On 22 September 2020, it was announced in the Republic of Mali that the former Minister of Defence Colonel Bah Ndaw has been appointed as the country's Interim President in compliance with the conditions of the Economic Community of West African States (ECOWAS) that it had set at the Accra (the capital of Ghana that currently chairs the Organisation) Summit, which was held on 15 September 2020. On 5 October 2020, the new Malian government was announced. Its formation was signed by President Bah Ndaw and Prime Minister Mukhtar Wan. It is comprised of 25 ministries, the military having assumed four sensitive and important ministries, namely defence, local administration, security, and national reconciliation. In response to those developments, on 6 October 2020, ECOWAS announced the lifting of the sanctions imposed on Mali.
ECOWAS and the Crisis in Mali
Mali is a member of ECOWAS, which is a regional organisation that comprises 15 countries in West Africa (Benin, Burkina Faso, Cape Verde Islands, Côte d'Ivoire, Gambia, Guinea, Guinea-Bissau, Ghana, Liberia, Mali, Niger, Nigeria, Senegal, Sierra Leone and Togo). The Organisation was established in 1975 in order to achieve economic integration among the countries of the region. In the 1990s, it expanded its interests to issues of security and stability. For this purpose, in 1999, it established a military unit to intervene when necessary in the internal crises that occur in the member countries.
In the last two decades, the Organisation has intervened politically and militarily in several countries, especially upon the eruption of illegal military coups that require suspending the membership of the countries in which those coups take place, and imposing strict conditions for the resumption of the constitutional situation. The Organisation may even resort to the use of force to rectify the exceptional political situation.
When the recent military coup occurred in Mali against President Ibrahim Boubacar Keïta on 18 August 2020, ECOWAS hastened to suspend Mali's membership in the Organisation and imposed severe economic sanctions on the new military government that reached the point of closing the air and land borders between Mali and the countries of the group, stopping all commercial exchanges with it except for basic food and medical supplies, and stopping the mechanisms of monetary dealing with it within the framework of the system of the CFA franc, which is the common currency of most countries of the region. Although before the military coup, ECOWAS sent an envoy, namely the former Nigerian President Goodluck Jonathan, to Mali to mediate in the existing political crisis and has, since the fall of President Ibrahim Boubacar Keïta, undertaken an ongoing mediation mission in Bamako, its leaders were not deeply agreed on the appropriate response formula to the new situation in Mali.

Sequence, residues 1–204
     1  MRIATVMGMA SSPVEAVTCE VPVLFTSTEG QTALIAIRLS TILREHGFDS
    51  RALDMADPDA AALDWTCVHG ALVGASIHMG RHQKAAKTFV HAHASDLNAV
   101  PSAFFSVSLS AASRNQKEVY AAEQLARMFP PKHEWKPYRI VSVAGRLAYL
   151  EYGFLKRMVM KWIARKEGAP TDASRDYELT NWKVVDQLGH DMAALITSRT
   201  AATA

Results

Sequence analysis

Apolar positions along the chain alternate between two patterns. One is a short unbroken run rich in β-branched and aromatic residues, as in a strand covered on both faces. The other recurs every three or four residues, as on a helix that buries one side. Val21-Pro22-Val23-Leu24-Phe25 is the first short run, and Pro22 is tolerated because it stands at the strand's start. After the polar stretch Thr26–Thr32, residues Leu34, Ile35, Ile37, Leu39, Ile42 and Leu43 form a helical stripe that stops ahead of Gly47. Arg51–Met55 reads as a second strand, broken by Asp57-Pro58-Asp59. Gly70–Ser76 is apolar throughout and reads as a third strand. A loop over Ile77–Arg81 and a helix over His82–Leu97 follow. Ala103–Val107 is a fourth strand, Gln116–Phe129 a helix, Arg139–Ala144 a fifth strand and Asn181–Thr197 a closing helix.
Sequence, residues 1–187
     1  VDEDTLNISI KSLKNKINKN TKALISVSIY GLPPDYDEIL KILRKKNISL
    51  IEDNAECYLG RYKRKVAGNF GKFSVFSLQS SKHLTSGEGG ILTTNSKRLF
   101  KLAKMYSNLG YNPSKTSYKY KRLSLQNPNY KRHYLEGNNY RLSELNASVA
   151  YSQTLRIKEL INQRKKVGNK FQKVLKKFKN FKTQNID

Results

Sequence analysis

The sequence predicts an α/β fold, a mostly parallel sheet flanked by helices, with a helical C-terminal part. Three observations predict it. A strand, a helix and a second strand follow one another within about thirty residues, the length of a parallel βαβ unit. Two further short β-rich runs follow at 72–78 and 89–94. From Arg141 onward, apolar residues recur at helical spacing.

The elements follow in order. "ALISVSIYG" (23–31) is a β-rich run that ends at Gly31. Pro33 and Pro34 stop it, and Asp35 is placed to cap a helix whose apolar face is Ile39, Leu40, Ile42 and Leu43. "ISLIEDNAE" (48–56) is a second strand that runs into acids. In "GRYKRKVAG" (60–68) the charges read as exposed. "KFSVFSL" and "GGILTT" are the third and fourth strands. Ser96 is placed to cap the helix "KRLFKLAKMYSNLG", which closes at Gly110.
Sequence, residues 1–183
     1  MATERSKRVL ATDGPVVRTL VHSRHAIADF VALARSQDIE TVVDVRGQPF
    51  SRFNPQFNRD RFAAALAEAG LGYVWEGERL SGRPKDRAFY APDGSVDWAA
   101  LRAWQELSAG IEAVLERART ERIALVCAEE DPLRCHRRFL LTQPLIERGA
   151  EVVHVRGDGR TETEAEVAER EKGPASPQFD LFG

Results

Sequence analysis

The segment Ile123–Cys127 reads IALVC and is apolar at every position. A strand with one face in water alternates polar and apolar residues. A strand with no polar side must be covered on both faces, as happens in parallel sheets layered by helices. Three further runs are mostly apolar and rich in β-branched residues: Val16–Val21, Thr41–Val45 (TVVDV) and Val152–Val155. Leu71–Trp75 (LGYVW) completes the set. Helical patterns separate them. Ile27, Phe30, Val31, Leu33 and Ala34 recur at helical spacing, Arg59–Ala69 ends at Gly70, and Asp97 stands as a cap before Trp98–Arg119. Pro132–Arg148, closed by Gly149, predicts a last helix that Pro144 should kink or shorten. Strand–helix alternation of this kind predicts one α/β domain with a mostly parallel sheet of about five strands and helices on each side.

In this context, three basic positions emerged:
Based on the leaked data, the role of the French government seems to have been decisive in approving the last deal that emerged from the ECOWAS Accra Summit, whose basis is as follows: willingness to lift the sanctions and recognise the new situation in Mali through the designation of a civilian figure as the country’s transitional president, the appointment of a civilian prime minister, and the reduction of the timeline for the transitional period to a maximum of 18 months.
According to the information circulating in the African diplomatic circles, the French Foreign Minister Jean-Yves Le Drian pressured the leaders of the Organisation to accept a compromise with the military authorities, citing Mali’s need for a strong role for the army in the next phase to manage the war against the terrorist groups in the north and prevent the escalation of the ethnic conflict in the central region. For this purpose, France employed the International Organisation of the Francophonie (OIF), which froze Mali's membership after the coup, but appointed former Senegalese Foreign Minister Cheikh Tidiane Gadio as its envoy in Bamako to mediate in the current crisis. He showed a flexible attitude towards the military authorities.
The new political landscape in Mali
On 22 September 2020, the National Committee for the Salvation of the People (CNSP), which is the new military leadership in Mali, announced that after consulting the political powers and the civil society, it was decided to appoint Colonel Bah Ndaw as the country’s new president, and Colonel Asimi Guetta, the Head of the Military Council, as his deputy, provided that power would be handed over to the new president on 25 September 2020, after which he would appoint a civilian prime minister from among the ranks of the political powers supporting the military change, which has already been done.